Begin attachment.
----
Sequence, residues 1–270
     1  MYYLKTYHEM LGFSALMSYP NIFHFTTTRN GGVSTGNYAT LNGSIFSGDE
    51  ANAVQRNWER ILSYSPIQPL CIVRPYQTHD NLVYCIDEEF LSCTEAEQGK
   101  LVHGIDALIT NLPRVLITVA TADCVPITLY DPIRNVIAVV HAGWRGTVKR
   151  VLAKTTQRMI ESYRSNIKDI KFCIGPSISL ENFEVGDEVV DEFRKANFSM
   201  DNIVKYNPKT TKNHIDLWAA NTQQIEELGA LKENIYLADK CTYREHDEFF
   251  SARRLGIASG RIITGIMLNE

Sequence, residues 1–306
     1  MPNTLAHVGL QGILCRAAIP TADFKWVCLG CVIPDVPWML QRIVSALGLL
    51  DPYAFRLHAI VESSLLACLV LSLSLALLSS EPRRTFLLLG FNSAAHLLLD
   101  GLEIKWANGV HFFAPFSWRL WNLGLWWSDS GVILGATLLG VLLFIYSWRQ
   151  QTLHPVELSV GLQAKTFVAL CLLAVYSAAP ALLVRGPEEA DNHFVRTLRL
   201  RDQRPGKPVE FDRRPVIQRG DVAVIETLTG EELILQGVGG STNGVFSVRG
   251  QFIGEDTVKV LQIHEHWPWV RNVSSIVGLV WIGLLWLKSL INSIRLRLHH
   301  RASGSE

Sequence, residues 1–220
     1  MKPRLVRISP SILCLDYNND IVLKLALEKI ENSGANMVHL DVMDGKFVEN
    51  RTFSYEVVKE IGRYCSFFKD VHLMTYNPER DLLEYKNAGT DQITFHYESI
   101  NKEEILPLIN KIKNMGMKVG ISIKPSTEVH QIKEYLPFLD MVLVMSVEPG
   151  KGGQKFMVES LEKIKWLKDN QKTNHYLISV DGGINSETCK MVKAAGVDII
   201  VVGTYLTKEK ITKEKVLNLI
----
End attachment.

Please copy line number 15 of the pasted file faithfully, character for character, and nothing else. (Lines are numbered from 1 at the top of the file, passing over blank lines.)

   301  RASGSE